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Curriculum Resource Material (1894-1989)

 

Today's school mathematics curriculum has been influenced by many different factors. One major factor has been reports and recommendations offered by professional organizations and groups of academics in mathematics and mathematics education. These reports vary in scope and specificity, but they have created ebbs and tides that shaped the mathematics curriculum into the forms that exist today.

While current documents, such as Principles and Standards for School Mathematics, are easily accessed, many older yet important documents are more difficult to obtain for a variety of reasons. For example, some older documents are out of print. Some documents are available only in a few libraries. Some documents were never widely distributed. CSMC has created this online resource to help make some of these major documents accessible to interested parties.

CSMC faculty conducted an informal survey of a number of mathematics educators in an effort to identify documents that were instrumental in shaping mathematics curriculum as well as stimulating discussions and visions for mathematics curricula. The attached list was compiled and resources were created for each entry. No claim is made that this list is exhaustive.

click for Set of Resources

For each entry on the list, three resources were created.

  • A PDF of the actual report was prepared. Some reports were part of a larger report (such as the Committee of Ten Report in 1894) and in those cases the PDF is limited to the pertinent portions that discussed mathematics.
  • A brief summary of the document was written. This summary report was compiled by teams of faculty and doctoral students, and thus represents their judgment of the most salient elements of the report.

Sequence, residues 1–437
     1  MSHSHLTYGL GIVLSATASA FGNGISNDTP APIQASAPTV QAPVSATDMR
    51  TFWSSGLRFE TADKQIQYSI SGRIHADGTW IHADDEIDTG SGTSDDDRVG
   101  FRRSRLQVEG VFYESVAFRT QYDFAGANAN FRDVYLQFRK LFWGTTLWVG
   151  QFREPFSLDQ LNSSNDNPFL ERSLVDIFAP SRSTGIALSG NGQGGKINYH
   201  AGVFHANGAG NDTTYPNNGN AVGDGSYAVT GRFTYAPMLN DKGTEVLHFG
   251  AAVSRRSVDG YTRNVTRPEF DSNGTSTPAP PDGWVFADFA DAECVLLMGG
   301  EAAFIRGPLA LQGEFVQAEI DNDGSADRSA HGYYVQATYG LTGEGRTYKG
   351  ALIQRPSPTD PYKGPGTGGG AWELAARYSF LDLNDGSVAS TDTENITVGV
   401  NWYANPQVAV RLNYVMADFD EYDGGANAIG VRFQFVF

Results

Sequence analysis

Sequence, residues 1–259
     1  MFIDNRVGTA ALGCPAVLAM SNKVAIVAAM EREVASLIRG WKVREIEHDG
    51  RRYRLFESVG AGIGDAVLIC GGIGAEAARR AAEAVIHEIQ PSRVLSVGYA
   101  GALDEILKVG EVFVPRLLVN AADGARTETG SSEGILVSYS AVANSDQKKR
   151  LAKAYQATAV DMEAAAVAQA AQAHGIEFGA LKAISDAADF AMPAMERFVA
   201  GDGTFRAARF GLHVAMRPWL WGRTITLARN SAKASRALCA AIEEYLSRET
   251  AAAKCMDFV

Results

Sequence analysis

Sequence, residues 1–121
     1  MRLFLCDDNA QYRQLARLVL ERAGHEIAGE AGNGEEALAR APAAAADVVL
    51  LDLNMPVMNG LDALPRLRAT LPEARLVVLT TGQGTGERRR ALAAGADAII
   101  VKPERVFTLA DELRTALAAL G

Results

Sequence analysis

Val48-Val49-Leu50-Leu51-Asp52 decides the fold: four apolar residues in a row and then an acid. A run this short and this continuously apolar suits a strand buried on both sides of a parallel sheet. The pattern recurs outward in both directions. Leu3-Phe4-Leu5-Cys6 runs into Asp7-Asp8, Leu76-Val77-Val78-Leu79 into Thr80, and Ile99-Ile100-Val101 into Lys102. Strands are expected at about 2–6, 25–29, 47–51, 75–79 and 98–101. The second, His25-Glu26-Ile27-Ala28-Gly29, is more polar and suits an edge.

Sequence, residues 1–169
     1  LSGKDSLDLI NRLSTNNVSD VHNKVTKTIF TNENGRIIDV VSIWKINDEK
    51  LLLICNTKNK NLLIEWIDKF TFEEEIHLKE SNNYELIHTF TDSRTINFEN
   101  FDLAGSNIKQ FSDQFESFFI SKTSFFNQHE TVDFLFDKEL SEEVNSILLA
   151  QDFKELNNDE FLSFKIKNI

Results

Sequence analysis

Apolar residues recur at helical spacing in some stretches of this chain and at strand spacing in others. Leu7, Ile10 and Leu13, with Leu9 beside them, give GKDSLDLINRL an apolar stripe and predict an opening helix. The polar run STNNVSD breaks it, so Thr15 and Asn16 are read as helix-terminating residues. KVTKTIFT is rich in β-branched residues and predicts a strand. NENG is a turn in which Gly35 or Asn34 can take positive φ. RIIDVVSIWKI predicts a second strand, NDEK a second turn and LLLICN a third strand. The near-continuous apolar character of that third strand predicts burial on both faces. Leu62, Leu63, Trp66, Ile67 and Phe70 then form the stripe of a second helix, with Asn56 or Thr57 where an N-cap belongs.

• PowerPoint presentations were developed to facilitate a presentation and discussion. This PowerPoint was developed by faculty and doctoral students and used in courses at the University of Missouri and Western Michigan University.

These resources are provided as a service by the CSMC. Permission is granted to use any or all of these resources for educational purposes. Our hope is that these resources will be useful in helping others in the mathematics education community become more knowledgeable about the history of the evolving school mathematics curriculum in the United States.

This CSMC resource is a work in progress. Comments and suggestions regarding these resources and recommendations for other resources to be included are most welcome.


The following team of CSMC faculty and doctoral students contributed to the development of these resources.

University of Missouri Western Michigan University University of South Florida
Faculty
Robert Reys
Barbara Reys
Óscar Chávez
Faculty
Chris Hirsch
Steve Ziebarth
Faculty
Denisse Thompson
Doctoral Students
Aina Appova
Jung Chih Chen
Shannon Dingman
Ryan Nivens
Travis Olson
Troy Regis
Angie Sutter
Dawn Teuscher
Junko Togashi
Doctoral Students
Nesrin Cengiz
Dana Cox
Jodi Edington
Karen Fonkert
Lisa Kasmer
Sandy Madden
Diane Moore
Shari Stockero
Todd Thomas
Doctoral Students
Jeff Barber
Gwendolyn Johnson
Keith Fisher




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